• Clean and disinfect objects and surfaces that are frequently touched.
  • Wash your hands often with soap and water for at least 20 seconds.
  • Stay home when you are sick, except to get medical care.

For detailed information on COVID-19, please visit https://www.cdc.gov/coronavirus/2019-ncov/index.html

Heroin Detox

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Over 4.2 million Americans have admitted to having tried heroin at least once during their lifetime. Researchers are also noting that the use of this drug has greatly increased in recent years. Experts estimate that almost 25% of individuals who try the drug become addicted. The addiction to this powerfully hazardous opioid is extremely difficult to overcome on your own.

Benefits of Heroin Detox

Benefits of Receiving Heroin Detox Prior to Receiving Medication-Assisted Treatment

In addition to the countless multitude of health problems that are caused by the use of heroin, those who use the drug through intravenous injection are at risk for numerous blood-borne diseases, such as HIV/AIDS, hepatitis B, and hepatitis C. On top of the many health problems that are caused by heroin use, there is also danger in the drug’s high rate of abuse, tolerance, and addiction. Tolerance occurs when the individual using the drug needs to increase the dosage in order to achieve the same effect. This increased dosage also increases the risk of overdosing.

The first step in treating heroin addiction is removing all traces of the drug from the body (this is the route taken in most cases of chemical dependency). This first step is referred to as detoxification, more commonly known simply as detox. The body of an individual who has become dependent upon heroin has adapted to the presence of the drug and will negatively respond once the drug is not used as usual. This negative experience is also referred to as withdrawal, which can cause a considerable amount of both physical and psychological pain.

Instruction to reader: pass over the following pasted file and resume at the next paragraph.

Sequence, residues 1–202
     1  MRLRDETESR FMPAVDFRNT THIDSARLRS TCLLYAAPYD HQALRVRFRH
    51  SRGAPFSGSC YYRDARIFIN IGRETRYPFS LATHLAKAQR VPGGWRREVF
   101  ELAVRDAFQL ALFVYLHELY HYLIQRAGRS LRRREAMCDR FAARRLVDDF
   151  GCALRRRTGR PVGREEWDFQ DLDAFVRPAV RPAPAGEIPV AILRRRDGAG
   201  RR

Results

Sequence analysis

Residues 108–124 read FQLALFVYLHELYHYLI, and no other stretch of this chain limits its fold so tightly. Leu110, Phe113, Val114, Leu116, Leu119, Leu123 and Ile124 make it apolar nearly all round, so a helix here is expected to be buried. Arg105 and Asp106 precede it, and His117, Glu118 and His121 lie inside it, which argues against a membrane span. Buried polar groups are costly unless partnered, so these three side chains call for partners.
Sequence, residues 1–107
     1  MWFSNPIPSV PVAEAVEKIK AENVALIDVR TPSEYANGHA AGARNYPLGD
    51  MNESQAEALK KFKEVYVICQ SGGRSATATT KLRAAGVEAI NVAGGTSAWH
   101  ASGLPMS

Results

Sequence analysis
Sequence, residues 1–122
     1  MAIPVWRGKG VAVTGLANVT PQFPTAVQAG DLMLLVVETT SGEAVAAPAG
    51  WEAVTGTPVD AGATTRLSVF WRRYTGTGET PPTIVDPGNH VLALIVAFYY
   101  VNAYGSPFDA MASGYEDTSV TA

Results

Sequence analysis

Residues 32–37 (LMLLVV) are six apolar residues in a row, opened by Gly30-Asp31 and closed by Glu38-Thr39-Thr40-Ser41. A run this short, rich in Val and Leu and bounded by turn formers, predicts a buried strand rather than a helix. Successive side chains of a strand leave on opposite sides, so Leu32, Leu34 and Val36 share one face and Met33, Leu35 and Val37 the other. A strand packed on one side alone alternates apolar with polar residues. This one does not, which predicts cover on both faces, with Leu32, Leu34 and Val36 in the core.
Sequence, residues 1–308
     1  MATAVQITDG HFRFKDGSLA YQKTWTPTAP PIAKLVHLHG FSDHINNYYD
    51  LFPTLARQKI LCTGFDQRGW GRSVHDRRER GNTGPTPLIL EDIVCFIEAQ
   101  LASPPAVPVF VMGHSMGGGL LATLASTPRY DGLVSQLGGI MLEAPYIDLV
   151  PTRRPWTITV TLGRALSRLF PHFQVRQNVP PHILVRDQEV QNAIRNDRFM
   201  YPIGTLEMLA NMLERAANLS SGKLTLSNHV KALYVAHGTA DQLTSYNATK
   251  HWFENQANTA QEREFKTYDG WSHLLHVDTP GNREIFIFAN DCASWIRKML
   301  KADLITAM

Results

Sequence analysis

The most common symptoms that are experienced during heroin withdrawal are as follows:

  • Nausea
  • Agitation
  • Excessive perspiration
  • Vomiting
  • Dizziness and confusion
  • Dilated pupils
  • Powerful drug cravings
  • Diarrhea
  • Dramatic mood swings
  • Watery eyes and runny nose
  • Abdominal cramping
  • Disrupted sleep patterns, including insomnia
  • Extreme fatigue and weakness

These symptoms can last for weeks and are often compared to a powerful and painful strain of the flu. Once heroin is reintroduced into the bloodstream, these symptoms will disappear, which can result in individuals reverting back to the use of the drug.

Benefits of Medication-Assisted Treatment

Benefits of Detoxing from Heroin with Medication-Assisted Treatment

Benefits of Receiving Heroin Detox Prior to Receiving Medication-Assisted Treatment: The process of heroin detoxification does not need to be long, painful, or dangerous. Seeking treatment at a licensed treatment center can diminish the physical and emotional pain that is often associated with withdrawal. While the words “heroin detox” and “effortless” are rarely found together in the same phrase, going through detoxification while under the care of trained medical professionals increases the safety of the experience and lessens the potential perils.